So we expect that -- we managed through that and that's our backlogs reflect that in and are favorably comparable to historical time periods, when backlog does see that seasonal decline. Last year, certainly was a normal period with 1,100 plus FEMA orders and all the other impacts that had. The community channel, Greg, still looks really good, we are getting a lot of good vibes from them. There is a number of expansions going on in the community space on the existing communities around the country, but what's even more encouraging and exciting is the number of greenfields that are popping-up now, not only in Florida and Texas, but Colorado, the Carolinas, Michigan, so that bodes well for future demand.

Greg Palm -- Craig-Hallum Capital Group -- Analyst

As it relates to the independence, and maybe the associated order backlog moderation, what's your sense of the impact from a sell-in versus a sell-through issue, I mean, do you think it was more than lines (ph) of a year-end inventory adjustment or what's your color there?

Keith Anderson -- Chief Executive Officer

You know that was -- it's hard to separate all the pieces, but one thing I would say is, certainly in the South Central area of the country that we have plants from the Carolinas, through Tennessee and Kentucky that's how we define South Central, excluding Florida, Texas, et cetera. There was certainly a lot of weather-related events that had caused a delay in setting the homes, remember our homes are required to be set on either slabs or foundations, but it's all weather-dependent on the retailer being able to get that accomplished. So we know, there was a number of retail sold sitting on their inventory that were delayed being set and thus, it slows down the whole process of getting new orders.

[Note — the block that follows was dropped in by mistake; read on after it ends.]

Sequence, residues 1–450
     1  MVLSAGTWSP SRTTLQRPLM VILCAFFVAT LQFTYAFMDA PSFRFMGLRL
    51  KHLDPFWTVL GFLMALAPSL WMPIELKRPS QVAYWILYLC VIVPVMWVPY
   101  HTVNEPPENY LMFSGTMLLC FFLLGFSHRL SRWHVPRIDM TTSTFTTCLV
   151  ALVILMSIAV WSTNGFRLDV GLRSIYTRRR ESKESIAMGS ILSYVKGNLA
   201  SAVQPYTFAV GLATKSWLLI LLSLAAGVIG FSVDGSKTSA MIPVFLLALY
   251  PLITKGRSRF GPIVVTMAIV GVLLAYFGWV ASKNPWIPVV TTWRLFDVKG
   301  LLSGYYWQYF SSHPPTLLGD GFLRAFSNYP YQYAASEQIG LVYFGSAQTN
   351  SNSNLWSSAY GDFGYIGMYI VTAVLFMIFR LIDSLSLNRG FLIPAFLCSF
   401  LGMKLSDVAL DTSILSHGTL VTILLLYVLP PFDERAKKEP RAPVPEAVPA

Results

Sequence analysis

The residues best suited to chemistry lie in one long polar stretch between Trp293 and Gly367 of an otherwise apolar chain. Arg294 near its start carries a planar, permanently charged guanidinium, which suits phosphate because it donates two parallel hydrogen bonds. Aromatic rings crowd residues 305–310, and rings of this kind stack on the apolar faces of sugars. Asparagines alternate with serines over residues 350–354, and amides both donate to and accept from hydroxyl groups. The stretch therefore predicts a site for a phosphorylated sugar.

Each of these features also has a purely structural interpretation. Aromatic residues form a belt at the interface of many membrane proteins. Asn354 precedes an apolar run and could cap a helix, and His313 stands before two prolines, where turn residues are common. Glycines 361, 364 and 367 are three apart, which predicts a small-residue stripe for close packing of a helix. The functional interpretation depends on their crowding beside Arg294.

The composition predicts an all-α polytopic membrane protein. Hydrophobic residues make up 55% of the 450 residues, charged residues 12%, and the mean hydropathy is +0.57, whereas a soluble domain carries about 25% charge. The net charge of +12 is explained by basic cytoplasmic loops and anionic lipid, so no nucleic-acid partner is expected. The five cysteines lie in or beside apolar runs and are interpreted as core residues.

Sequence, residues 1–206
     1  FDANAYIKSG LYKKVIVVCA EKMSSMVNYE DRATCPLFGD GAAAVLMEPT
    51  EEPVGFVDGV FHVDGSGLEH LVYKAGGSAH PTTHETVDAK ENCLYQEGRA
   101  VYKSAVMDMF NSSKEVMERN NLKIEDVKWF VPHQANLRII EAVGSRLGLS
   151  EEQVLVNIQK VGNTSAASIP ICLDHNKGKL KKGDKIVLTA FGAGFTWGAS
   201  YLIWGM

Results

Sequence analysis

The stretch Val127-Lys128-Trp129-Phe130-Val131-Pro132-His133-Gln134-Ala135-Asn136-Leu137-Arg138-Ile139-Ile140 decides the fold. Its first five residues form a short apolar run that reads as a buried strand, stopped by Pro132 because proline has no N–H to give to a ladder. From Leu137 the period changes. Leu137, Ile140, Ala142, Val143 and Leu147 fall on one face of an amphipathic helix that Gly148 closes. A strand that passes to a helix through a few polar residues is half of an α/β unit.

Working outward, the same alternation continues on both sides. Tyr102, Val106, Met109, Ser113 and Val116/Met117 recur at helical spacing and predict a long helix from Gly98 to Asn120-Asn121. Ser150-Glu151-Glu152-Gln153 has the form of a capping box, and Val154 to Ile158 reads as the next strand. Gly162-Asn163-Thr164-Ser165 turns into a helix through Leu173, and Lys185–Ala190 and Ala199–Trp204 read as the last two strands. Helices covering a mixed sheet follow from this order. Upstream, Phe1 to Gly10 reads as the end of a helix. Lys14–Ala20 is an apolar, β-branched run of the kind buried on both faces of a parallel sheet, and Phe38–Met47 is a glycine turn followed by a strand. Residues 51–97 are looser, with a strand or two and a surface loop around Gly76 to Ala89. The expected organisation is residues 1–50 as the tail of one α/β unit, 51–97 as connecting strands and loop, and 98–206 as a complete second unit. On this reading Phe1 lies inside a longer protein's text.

So it's hard to quantify that, but we're -- we heard a lot of that and you've got to remember that was kind of the region that had record rainfalls during that time period so -- but we're hearing good vibes from those same retailers now and I guess that's important for our spring season.

Greg Palm -- Craig-Hallum Capital Group -- Analyst

Yeah, makes sense, OK. Gross margin improvements at least relative to the September quarter, were really fantastic. So, you mentioned -- I think Laurie, you mentioned 200 basis points, but maybe you can help bucket out the impact, whether it was pricing, operating efficiencies, synergy benefits and more importantly, I mean, is this a level that you feel comfortable with going forward or -- was there anything may be one-time in nature in the December quarter, that's specifically helped you out?

Laurie Hough -- Executive Vice President and Chief Financial Officer

Good question, Greg, thanks. We saw -- the 200 basis point improvement quarter-over-quarter is in our US housing segment. And it's really a mix, it's a mix of synergies, because we did see some capture there, as well as our continued margin improvement. There is some pricing action, we saw 9% improvement in average selling price. I would say, a portion of that was certainly due to offsetting inflation, as well as product mix. So it's all kind of bucketed together, as far as my comfort level with gross margin currently and whether it's sustainable.

I believe it's sustainable, I also believe that we're going to continue to see and capture our remaining run rate synergies.